By Peter Calder
This past month at Tidal League, we had our most significant production to date; the filming of LeagueBiz Season 3 in Las Vegas during Summer League. It consisted of 1 prep day, four production days, 11 episodes, 15 cameras, 19 lights and 27 guests. LeagueBiz is, first and foremost, a round table talk show format series. One of the problems we faced with this format was creating a beautiful-looking environment for the talent to be in while being lit professionally and achieving our many different, desired angles for the project.
Set design is a leading factor in overall production. Being led by Will Harrington, we created a beautiful environment for the show this season. An essential aspect of this side of things was the chairs. We decided to go with individual chairs that, of course, accented the theme of the season, but also we were able to space all the guests carefully so that we could take full advantage of our array of different camera angles. It also helps to make changes easily between episodes, to quickly take out or add a chair depending on the number of guests for that episode.
With lighting, the most challenging problem was covering all of the guests and hosts using different colour temperatures and making sure they all had separation and brought depth between each other and the background and set itself. If you don’t know what I’m talking about, an easier way of saying it is by making it look “cinematic,” lol. But this is a bit more than swiping over to the cinematic setting of an iPhone. Going back to the problem at hand, how do you set up 19 lights in one area without being in the way of 15 different camera angles stretching 180 degrees around the set?
It’s quite simple, mount everything overhead, eliminating the many light stands that would’ve been scattered everywhere.
Our first main light source (or key light) was a constructed 8x8 overhead softbox pointing directly down with a skirt. This gave us a very soft and even look that covered all of the talent; the skirt provided this light to only cover the front of the set and subjects without spilling over into the background. We had a few practicals as well, five chandleries with incandescent, dimmable light bulbs and six tube lights. These practicals were motivated by four lights mounted 15 feet above the set along the back walls that had tightly closed barn doors to project a warm edge and backlight to all of the subjects. Aputure’s new versions of their barn doors made it easy to control them from spilling onto other areas of the set.
Lastly, we also had two spotlights with gobo’s on either side of the set that were positioned directly at the back wall to provide that final layer of depth and texture from the subject. A motorized overhead truss allowed us to mount all of these lighting setups without using any ladders, scissor lifts or clamps. The overall lighting process for this production was a lot of fun because of the excellent studio space that was flexible to work with.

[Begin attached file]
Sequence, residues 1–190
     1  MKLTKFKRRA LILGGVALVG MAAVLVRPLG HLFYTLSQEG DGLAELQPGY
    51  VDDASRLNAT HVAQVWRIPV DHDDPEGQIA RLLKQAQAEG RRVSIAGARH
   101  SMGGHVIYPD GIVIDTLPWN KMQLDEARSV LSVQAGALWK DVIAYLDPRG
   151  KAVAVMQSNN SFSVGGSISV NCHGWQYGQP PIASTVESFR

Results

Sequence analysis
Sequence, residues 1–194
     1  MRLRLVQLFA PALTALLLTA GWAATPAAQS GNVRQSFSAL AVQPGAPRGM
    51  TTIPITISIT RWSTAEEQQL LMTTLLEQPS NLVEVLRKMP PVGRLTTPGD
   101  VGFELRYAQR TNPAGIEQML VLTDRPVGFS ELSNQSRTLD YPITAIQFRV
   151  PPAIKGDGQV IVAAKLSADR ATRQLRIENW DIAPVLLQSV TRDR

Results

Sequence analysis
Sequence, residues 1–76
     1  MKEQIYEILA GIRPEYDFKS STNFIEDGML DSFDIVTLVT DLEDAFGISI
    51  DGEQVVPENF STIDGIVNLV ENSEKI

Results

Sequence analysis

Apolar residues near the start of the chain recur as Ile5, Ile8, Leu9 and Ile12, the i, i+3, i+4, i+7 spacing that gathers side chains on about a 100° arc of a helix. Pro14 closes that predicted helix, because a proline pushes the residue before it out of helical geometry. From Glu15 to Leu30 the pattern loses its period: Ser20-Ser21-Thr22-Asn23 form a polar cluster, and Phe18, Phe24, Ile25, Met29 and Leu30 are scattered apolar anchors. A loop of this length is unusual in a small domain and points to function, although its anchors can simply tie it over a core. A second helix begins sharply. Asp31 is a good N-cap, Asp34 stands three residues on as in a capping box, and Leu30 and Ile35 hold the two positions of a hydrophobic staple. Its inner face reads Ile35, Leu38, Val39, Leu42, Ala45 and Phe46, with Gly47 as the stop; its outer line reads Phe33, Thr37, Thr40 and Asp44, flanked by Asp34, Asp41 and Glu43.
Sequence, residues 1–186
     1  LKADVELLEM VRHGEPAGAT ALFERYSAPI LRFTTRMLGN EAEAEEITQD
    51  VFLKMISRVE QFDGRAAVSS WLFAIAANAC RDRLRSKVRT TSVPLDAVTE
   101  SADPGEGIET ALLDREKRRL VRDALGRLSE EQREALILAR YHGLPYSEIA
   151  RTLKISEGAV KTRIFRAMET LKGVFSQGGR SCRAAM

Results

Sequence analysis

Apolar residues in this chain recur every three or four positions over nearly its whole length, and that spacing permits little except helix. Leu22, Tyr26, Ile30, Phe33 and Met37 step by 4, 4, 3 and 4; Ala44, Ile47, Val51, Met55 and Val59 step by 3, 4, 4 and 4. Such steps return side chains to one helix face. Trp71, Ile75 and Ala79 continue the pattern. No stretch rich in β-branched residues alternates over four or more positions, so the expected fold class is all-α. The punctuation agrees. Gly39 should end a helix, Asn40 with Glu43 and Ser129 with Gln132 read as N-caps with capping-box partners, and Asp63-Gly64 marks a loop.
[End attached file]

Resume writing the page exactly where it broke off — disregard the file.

As for the camera setups themselves, over the last 2-3 years, we’ve experimented with many different types and brands and have learned a lot about what best fits our needs. In terms of body, we decided to go with Sony, a combination of Sony FX6s and A7Siii’s specifically for this season. In the last year, we have found that Sony makes the most sense for these talk show recordings for many reasons that stretch from the sensor’s overall performance. (sharpness, dynamic range, colour, etc.) But also the efficiency, working with 15 different camera angles recording for over an hour. Each recording means much media that Sony can capture with fantastic efficiency. In terms of glass, for the most part, we went with Schneider Cine-Xenar lenses. These provided us with a beautiful fall-off and a clear deep image. As for the actual camera angles, we went for a very diverse group of shots; we had a wide on an automated slider, medium to wide jib crane, medium two shots, close-ups, extreme close-ups and over-the-shoulder close-ups. We wanted to take the standard format of a talk show to the next level by including all of these complex camera angles. Thanks to technological innovation, a lot of these types of shots wouldn’t have been made possible to the amount of crew we had on set. For example, to achieve the jib crane shot we captured, it would typically take 2-4 people to operate/control, but thanks to the new DJI Ronin expansion, we could operate the whole jib crane system with just one person.
Overall, the production of Leaguebiz season 3 was a big undertaking, and we overcame countless hurdles, not mentioned thanks to our fantastic team. Shout out to everyone to contributed so much to the production.
Peter Calder - Director / Camera Operator
Hong Lau - 1st Assistant Director / Camera Operator
Kurt Benson - Executive Producer
Will Harrington - Art Director / Camera Operator
Sophia Rooke - Head of Still Photography / Camera Operator
Mat Prince - Sound Recordist
Pen Moodz - 2nd Assistant Director
Keegan Poulton - Camera Operator
Leisa Washington - Managing Partner
Courtney Scott - EVP of Talent